Karel Hujer

Karel Hujer

(1902 - 1988)

A Memorial Tribute to an

Astronomer and Humanitarian

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An Introductory Reminiscence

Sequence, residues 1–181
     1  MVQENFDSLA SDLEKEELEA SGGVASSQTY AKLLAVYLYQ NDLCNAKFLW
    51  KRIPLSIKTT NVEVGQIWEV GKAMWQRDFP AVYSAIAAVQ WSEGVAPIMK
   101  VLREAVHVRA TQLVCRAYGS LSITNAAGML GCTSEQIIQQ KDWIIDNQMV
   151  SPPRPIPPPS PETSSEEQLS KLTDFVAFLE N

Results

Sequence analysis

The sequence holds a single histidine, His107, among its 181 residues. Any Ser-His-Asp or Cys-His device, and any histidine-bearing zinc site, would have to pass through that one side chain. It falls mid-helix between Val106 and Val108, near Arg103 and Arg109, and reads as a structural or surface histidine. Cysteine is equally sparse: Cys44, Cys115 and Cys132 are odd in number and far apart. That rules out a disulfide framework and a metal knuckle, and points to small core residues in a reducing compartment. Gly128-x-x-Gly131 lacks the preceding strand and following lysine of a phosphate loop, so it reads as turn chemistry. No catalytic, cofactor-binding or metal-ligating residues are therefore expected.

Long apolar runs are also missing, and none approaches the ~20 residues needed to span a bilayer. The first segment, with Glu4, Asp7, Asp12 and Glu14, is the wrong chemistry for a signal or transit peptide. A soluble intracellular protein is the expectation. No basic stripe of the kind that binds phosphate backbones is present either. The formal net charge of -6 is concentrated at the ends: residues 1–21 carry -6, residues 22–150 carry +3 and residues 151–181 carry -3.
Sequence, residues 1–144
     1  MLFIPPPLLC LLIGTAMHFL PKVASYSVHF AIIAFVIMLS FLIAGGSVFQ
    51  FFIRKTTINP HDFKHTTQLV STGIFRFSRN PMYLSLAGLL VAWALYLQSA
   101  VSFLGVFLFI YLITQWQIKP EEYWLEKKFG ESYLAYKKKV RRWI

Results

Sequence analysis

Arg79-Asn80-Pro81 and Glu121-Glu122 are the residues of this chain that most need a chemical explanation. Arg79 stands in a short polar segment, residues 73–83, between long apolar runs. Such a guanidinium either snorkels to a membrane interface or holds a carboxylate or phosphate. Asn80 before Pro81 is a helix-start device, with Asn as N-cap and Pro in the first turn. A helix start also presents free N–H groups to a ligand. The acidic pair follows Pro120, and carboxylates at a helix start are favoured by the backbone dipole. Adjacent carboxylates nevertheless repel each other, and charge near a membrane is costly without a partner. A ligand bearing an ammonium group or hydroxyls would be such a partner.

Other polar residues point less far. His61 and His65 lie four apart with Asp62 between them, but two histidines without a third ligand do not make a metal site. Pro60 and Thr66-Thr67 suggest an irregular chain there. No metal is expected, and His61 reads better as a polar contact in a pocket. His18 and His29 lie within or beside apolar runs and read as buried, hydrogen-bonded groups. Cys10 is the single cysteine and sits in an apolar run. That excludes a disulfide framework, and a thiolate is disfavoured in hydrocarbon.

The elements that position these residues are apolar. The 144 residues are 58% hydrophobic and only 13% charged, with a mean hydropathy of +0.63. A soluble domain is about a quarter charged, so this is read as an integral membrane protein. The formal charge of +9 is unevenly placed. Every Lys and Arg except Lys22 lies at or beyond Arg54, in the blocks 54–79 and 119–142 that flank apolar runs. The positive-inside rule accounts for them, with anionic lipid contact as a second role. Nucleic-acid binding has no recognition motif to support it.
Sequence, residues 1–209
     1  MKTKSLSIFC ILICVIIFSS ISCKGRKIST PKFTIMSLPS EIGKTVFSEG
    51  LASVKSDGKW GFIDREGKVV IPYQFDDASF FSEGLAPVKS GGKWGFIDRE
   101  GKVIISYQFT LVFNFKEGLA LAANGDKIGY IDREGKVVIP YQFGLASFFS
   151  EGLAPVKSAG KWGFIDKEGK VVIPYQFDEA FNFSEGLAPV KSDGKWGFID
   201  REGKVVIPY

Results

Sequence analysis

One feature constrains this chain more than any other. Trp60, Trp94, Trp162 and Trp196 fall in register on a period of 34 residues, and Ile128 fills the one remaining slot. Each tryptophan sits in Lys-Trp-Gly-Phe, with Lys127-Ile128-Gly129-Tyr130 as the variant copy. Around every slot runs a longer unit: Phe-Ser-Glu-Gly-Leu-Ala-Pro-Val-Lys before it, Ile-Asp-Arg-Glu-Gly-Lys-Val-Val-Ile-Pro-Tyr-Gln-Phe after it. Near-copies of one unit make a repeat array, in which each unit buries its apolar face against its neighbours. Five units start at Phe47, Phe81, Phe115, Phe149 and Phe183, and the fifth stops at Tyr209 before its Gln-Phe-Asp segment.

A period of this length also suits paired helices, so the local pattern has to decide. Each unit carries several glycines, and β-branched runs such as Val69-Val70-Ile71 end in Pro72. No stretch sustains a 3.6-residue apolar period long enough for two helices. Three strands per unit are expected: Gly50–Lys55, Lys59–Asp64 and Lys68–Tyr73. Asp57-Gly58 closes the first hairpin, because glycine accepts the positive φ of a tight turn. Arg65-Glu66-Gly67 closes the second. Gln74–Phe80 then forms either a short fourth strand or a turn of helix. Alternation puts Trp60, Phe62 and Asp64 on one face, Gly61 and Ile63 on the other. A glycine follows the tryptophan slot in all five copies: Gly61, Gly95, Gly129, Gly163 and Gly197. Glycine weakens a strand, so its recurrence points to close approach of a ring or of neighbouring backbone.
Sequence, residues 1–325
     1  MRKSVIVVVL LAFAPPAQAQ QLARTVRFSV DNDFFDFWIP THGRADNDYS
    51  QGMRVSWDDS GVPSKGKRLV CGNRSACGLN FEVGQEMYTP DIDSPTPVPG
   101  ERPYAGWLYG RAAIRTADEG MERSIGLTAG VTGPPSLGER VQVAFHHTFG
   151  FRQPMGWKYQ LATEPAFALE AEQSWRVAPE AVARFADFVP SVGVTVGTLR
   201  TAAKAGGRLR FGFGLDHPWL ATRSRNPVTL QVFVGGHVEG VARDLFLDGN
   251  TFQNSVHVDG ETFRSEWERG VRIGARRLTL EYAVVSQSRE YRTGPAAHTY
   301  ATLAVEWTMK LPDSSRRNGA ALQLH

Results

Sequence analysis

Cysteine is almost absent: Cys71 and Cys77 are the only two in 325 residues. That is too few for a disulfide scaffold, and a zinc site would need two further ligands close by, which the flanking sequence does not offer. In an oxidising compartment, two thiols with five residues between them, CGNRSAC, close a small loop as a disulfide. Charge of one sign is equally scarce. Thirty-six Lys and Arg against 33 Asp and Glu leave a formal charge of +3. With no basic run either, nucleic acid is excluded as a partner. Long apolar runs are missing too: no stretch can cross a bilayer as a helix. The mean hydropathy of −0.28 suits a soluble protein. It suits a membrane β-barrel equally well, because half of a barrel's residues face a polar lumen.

I had the great good fortune when I was in the third grade, just after the launch of Sputnik I, of coming under the influence of Karel and Harriet Hujer. This happened as the result of my older brother, James H. McAlister III, who was pursuing a geology major at the University of Chattanooga and therefore rather naturally took UC's course in introductory astronomy. One night, Jim asked me if I would like to go with him to visit the University's observatory where his professor had invited his class to go look through the facility's 20-inch telescope. I remember walking up the curved stairwell to the "Telescope Room" as it was labeled from the first floor entry way and entering into a cylindrical chamber where this incredible thing peered up through a slit in the domed ceiling to the night sky. It was magical. I vividly recall an intensely beaming and shortish man with an exotic accent talking to Jim and his classmates and at one point saying something specifically to me. That's it. It was my first visit to the Clarence T. Jones Observatory. I was ten years old and the subsequent course of my life was determined that night.